- Select the Bitnami Multi-Tier Solution for Node.js High-Availability Cluster in the Azure Marketplace.
- On the description page, review the information and fees. Click the "Get it now" button to proceed and confirm.
- You will now be redirected to the Microsoft Azure management console. Log in if required.
On the solution description page, review the available information and click the "Create" button to proceed.
In the "Basics" tab, enter an easy-to-remember name for the deployment together. By default, the solution is configured with the URL to Bitnami's sample MEAN application, but you can edit this to reflect the Git repository URL for your own application.
NOTE: Ensure that your application complies with these requirements before proceeding. TIP: You can use a private repository by including the username and password in the repository URL, in the format https://USERNAME:PASSWORD@URL.
In the same tab, enter the host name, port, username and password for your Cosmos DB instance (you can copy this over from the screen you left open in Step 1), a name for the application database and the number of nodes for the cluster. Enter the string ssl=true&replicaSet=globaldb in the "Database connection options" field and create a new resource group by entering a name for it and choosing its location. Click "OK" when done.
In the "Environment Configuration" tab, enter a password or an SSH public key and choose the size of the virtual machines in the deployment. For more information on available sizes and configurations, refer to the Microsoft Azure pricing sheet.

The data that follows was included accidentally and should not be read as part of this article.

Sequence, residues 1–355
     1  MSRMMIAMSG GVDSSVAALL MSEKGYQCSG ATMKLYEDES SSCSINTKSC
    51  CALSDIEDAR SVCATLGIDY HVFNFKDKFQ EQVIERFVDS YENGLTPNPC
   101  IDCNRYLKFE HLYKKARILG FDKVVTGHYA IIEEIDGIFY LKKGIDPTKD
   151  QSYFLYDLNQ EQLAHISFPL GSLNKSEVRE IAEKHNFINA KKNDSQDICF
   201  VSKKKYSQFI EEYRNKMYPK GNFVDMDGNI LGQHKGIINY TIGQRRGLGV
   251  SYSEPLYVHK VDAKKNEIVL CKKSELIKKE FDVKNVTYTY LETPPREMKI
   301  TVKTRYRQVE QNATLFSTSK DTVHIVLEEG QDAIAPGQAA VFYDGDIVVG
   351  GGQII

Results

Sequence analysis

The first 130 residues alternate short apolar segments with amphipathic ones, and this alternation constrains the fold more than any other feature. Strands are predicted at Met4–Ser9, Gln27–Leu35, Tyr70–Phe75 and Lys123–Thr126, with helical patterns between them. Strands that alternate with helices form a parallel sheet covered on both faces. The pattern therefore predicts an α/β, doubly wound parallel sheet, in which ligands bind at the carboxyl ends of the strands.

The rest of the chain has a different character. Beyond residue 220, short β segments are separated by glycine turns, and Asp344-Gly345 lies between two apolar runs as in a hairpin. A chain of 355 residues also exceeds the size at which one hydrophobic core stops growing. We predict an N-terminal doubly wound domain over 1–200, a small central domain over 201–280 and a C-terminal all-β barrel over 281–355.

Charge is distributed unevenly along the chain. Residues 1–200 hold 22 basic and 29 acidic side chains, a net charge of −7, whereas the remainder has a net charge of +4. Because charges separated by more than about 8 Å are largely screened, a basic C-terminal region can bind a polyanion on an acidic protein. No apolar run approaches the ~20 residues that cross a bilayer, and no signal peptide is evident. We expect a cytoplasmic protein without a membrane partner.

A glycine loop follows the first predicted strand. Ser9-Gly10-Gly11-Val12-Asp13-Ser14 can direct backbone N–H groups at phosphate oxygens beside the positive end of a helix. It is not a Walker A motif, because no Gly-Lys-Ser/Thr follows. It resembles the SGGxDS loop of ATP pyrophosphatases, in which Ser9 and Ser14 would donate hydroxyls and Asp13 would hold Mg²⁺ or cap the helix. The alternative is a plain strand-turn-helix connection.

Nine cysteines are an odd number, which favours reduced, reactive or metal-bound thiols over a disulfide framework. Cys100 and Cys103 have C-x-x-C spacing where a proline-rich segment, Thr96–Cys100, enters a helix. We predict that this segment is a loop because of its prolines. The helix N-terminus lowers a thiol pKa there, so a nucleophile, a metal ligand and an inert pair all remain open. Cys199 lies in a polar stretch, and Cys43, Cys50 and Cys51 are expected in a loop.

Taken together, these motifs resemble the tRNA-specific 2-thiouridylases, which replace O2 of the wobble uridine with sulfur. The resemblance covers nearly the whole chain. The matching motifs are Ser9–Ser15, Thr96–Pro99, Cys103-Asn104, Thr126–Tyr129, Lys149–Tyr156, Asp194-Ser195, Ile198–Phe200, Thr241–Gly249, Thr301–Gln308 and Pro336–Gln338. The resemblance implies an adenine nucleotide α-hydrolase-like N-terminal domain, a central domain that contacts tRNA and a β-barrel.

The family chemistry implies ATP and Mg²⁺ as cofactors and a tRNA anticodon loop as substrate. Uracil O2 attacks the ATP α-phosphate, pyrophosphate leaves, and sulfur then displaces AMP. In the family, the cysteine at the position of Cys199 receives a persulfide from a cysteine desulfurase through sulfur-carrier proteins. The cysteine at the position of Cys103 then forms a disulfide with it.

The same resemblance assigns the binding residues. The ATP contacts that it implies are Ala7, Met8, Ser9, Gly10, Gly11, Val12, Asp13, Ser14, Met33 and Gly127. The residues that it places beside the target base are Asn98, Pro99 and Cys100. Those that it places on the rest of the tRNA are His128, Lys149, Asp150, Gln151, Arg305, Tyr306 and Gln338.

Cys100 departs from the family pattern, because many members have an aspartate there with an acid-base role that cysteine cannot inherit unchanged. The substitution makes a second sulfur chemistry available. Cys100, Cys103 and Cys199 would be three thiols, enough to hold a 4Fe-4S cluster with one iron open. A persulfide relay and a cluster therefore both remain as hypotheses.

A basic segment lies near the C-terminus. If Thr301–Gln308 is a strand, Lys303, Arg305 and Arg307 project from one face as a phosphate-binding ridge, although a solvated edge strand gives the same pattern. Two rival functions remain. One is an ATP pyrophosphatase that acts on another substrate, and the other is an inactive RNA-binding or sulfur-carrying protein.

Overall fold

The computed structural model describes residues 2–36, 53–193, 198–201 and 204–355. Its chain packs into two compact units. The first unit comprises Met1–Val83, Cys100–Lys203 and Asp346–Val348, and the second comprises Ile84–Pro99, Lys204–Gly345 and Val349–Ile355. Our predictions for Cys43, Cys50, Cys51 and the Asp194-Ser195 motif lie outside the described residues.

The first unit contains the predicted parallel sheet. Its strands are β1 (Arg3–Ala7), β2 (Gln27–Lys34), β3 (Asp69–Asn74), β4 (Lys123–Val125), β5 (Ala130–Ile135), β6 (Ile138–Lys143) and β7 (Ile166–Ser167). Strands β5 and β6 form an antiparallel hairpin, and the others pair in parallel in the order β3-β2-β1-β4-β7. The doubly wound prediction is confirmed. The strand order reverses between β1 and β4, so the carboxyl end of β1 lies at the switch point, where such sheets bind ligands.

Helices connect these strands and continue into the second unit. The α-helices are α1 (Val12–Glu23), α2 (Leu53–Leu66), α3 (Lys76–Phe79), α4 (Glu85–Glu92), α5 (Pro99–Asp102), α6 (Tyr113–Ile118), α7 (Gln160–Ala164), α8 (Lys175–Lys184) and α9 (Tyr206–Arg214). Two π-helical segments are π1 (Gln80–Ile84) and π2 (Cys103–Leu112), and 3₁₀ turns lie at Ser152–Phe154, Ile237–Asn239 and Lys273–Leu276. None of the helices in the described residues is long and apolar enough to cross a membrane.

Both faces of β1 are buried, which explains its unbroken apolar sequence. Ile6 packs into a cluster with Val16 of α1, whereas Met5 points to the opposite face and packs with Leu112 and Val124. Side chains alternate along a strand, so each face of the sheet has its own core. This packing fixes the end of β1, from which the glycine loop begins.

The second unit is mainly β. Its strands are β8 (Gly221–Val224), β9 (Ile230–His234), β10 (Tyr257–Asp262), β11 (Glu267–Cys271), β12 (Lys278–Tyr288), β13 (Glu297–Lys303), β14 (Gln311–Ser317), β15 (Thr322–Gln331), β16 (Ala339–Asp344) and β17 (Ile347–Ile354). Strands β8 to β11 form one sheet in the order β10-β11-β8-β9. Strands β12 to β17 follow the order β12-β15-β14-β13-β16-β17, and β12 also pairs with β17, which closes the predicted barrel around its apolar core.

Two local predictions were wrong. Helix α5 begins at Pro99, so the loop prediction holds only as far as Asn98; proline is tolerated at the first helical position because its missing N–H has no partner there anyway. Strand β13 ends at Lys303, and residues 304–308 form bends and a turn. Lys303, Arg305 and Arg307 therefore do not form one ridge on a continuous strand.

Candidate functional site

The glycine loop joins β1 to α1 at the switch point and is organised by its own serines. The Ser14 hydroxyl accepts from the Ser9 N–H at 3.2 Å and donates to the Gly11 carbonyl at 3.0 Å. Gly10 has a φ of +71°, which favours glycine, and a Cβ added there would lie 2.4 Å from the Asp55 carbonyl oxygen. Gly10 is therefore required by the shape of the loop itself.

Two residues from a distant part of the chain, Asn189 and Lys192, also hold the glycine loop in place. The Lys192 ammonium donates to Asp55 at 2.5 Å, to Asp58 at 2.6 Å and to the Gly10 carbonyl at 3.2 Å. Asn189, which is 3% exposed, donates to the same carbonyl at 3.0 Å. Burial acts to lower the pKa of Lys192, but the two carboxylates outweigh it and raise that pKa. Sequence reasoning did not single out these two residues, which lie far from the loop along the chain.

NOTE: To generate a new SSH key pair, you can use PuTTYgen (Windows) or the ssh-keygen command (Linux and Mac OS X). Find instructions on using PuTTYgen and instructions on using ssh-keygen.
In the "Summary" tab, verify the chosen settings. Click "OK" to proceed.
Microsoft Azure will now begin spinning up the new cluster. A notification will appear indicating the current status.
The process can take up to 40 minutes as the various nodes in the cluster are created and the load balancer is initialized. Once all the necessary elements of the solution been provisioned, you will see a notification and the new instances and related resources will appear in the "Resource groups" section of the Microsoft Azure management console.
Look closely at the image above and note these important points:
- The resource group includes multiple virtual machines (the nodes of the cluster) as well as a load balancer.
- Each virtual machine is identified with a numeric suffix, corresponding to the number of nodes requested at deployment time.
- Each virtual machine has its own NIC.
Select the resource group and then the "Settings -> Deployments" menu item. Select the deployment and obtain the auto-generated domain name for the load balancer from the "FQDN" field in the "Outputs" tab.
Step 3: Test the deployed application
Enter the load balancer's domain name directly into your browser's address bar. You should now see your application. The image below shows the sample application's welcome page:
|NOTE: If you see a 502 server error instead of the sample application, this is usually a transient condition that occurs when the deployment is still in progress and the Node.js instances are not yet up and running. Try refreshing your browser after a few minutes.|
Verify that the application is able to read and write data using the MongoDB database configured earlier. With the example application, enter a new to-do item and it should appear in the list, as shown below:
|NOTE: Find out more about the database configuration variables used by the sample MEAN application.|
Your Node.js application is now deployed, configured for use with Cosmos DB, and available for use in high-availability scenarios. For more information, including details about how to configure SSL and connect to the individual nodes of the cluster using SSH, refer to the documentation for Bitnami's Node.js High-Availability Cluster.